Paul writes that these are great riches.  This mystery that has been revealed is gloriously rich because it speaks of a generous God who bestows his grace far and wide.  These are glorious riches that speak of a God who lavishes his salvation without discrimination on the basis of skin colour or language.  And because these riches speak of God in this way, the result is praise for God.

What Paul is highlighting here is the catholicity of the church.  The church is catholic.  With that word, part of what we’re saying is that the church includes people from all kinds of ethnic backgrounds.  Christ’s church is broad and inclusive.  Anyone who repents and believes will belong.  A faithful ministry embraces this truth and celebrates it.  Loved ones, we all need to believe that Christ is a Saviour for all sorts of people.  The church is a body of believers in Jesus Christ.  The church is the community where one finds Christ in people through his Spirit.

Since God’s Word teaches it and since we believe it, the revelation of this mystery will have an impact on how we live as a church.  Paul embraced God’s plan and design.  He celebrates it here as a good thing – for him it’s something great, there are glorious riches here in God’s big plan for the nations.  What if the Lord did something amazing in our community and brought a whole bunch of people from a totally different ethnic background to our church?  Oh, I think we’re okay with a few.  But what about a lot of different people?  Would we be comfortable with that?  Would we embrace it and celebrate it?  What might we say with our looks, or actions, or maybe even words?  Would it be, “Welcome!  We’re so thankful God brought you here.”  Or would we be saying, “This church is not really for you.  This church is just for people of our ethnic background.  You belong somewhere else”?  No, I trust that we would want to reflect the words of our text and see that as something great, glorious riches:  Christ in these people, bringing them to faith with his Holy Spirit, bringing them to his church.  Loved ones, our faithful ministry together as a church must look like that.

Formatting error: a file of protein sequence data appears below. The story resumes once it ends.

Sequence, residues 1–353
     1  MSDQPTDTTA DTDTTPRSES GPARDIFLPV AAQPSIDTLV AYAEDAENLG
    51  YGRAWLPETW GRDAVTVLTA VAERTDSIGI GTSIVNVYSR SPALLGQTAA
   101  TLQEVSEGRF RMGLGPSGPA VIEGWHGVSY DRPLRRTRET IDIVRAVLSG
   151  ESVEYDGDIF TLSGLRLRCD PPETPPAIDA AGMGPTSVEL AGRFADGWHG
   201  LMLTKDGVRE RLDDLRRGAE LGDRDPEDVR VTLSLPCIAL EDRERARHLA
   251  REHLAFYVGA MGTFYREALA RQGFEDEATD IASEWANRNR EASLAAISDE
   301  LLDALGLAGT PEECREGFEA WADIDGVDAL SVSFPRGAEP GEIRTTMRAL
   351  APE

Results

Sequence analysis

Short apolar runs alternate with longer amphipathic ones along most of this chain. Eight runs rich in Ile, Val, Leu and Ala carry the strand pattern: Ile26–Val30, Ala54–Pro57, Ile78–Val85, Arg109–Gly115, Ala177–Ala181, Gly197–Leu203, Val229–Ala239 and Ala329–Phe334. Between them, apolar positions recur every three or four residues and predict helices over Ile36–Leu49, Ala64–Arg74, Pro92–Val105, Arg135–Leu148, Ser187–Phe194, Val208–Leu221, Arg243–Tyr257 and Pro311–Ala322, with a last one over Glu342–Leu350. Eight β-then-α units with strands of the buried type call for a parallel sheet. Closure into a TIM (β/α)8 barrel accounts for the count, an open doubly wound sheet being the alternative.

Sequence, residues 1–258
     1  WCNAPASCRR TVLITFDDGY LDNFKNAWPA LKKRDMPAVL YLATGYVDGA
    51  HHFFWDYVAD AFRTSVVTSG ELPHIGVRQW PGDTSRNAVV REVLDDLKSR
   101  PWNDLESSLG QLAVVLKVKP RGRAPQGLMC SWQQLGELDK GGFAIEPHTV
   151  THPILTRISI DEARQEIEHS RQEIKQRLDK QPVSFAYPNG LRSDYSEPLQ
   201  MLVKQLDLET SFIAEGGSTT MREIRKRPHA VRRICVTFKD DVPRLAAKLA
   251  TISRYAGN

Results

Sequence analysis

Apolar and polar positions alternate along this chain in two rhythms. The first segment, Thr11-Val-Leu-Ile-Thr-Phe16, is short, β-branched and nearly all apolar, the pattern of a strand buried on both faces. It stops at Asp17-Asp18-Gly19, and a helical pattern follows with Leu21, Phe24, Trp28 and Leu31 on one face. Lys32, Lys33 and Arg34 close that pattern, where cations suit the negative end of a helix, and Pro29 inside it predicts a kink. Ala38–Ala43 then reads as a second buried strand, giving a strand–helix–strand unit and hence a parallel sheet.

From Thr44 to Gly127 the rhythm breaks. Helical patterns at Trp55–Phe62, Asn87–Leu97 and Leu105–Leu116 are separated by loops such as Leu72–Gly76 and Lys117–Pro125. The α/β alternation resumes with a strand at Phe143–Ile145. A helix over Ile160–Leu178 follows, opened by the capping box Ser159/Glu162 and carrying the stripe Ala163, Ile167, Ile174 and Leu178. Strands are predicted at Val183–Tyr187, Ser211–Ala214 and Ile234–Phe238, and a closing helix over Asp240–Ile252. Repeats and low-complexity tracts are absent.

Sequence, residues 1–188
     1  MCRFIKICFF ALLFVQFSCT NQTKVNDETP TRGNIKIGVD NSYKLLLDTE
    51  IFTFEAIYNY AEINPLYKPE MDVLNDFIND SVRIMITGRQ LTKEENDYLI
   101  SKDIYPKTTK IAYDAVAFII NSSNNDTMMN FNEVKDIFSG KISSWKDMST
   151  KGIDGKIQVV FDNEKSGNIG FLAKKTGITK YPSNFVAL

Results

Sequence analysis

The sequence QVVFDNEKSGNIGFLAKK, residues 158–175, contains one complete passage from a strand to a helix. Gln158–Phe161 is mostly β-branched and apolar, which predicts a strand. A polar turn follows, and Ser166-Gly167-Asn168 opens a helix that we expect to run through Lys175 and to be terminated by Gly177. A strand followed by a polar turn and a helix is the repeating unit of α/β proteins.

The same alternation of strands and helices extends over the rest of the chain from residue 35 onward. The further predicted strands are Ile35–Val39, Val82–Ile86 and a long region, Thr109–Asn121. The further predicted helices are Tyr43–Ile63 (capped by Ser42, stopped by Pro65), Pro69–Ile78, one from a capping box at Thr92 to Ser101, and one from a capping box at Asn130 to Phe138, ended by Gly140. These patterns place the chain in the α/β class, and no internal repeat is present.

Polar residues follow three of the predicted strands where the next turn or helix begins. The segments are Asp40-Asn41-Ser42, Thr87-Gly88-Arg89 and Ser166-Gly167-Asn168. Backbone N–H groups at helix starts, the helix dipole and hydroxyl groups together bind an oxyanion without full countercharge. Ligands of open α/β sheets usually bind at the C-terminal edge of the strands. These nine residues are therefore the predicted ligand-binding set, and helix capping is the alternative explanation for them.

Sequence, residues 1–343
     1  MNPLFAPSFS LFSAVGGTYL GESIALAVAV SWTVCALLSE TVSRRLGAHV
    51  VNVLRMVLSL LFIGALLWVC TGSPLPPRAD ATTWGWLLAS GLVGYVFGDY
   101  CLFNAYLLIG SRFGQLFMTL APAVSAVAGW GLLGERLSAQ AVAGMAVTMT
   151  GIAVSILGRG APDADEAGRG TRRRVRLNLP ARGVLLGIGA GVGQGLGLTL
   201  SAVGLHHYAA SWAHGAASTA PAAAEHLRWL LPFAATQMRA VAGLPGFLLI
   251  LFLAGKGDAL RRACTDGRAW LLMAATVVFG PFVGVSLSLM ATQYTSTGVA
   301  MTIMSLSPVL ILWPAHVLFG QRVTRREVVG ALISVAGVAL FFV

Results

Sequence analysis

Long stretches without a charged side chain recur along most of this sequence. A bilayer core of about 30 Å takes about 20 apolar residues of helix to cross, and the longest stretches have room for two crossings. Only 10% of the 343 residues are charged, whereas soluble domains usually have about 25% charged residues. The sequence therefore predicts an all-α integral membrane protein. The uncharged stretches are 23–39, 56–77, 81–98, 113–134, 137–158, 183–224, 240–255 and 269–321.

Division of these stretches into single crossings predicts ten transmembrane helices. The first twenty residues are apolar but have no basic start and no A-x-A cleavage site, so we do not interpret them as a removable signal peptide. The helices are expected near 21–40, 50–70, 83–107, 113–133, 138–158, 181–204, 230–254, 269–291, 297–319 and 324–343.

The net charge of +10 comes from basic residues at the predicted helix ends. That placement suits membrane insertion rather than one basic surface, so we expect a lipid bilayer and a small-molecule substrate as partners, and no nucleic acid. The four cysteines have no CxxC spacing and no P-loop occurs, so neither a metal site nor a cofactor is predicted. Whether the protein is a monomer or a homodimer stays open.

It’s important that we know what faithful ministry looks like.  It’s important because we need to know the difference between true and false teachers.  It’s important because without faithful ministry we’ll be led down the broad road to destruction instead of the narrow road to life.  But most importantly, it’s important to know what faithful ministry looks like, so we can do it.  We want to do it; we want to be faithful as a church in every respect, because of who our God is.  We want to honour him by only speaking his truth, by only believing his truth, and living out only his truth.  We want to glorify him by listening to what he says and following it -- all because we love the one who first loved us and gave his Son for us.  So our prayer should be that God would be glorified by a faithful ministry among us and through us here in this church.  AMEN.


Heavenly Father,

We’re thankful again for your Holy Word.  We ask that your Word would continue to equip us.  Please let your Spirit help us with your Word so that we can readily detect false teaching.  We pray that we would receive only the true teaching of your Word here in our congregation.  Please help our pastor to be faithful in proclaiming the Word.  We ask that you would give him strength for that calling.  And we ask that you will help us all to have a Berean attitude and approach, help us to examine everything we hear in the light of your Word.  When the preaching conforms to Scripture, please give us faith to accept it and believe it. 

We also thank you for the gloriously rich mystery that has been revealed after Christ’s coming.  Thank you for the broadness of your church.  We praise you that Gentiles like us can have Christ in us, the hope of glory.  Father, we ask for your help to embrace this truth and celebrate it.  Help us to love the catholicity of your church.  Please help us have a warm and hospitable attitude towards those you bring our way.  And we do pray that you would bring many our way.  Please use our church to draw in the elect from among the nations.  Please let us be instruments in your hand for the salvation of our neighbours, people we work with, also with our lost family members.  We ask for you to sovereignly give us the opportunities to share our hope and strength from your Spirit to do it, and to take those opportunities.  Let your Spirit work repentance and faith in the hearts of many, so that we can together praise your Name!

And Father, we also pray again this morning for your suffering church, especially for the preachers who faithfully bring the Word even though it might mean imprisonment or torture or other horrible consequences.  Help our brothers and sisters who are persecuted to remain faithful.  Please give them strength.  We pray that through their witness for the gospel, the church would continue to grow and the gospel would continue to advance in this dark world.    

* As a matter of courtesy please advise Dr. Wes Bredenhof, if you plan to use this sermon in a worship service.   Thank-you.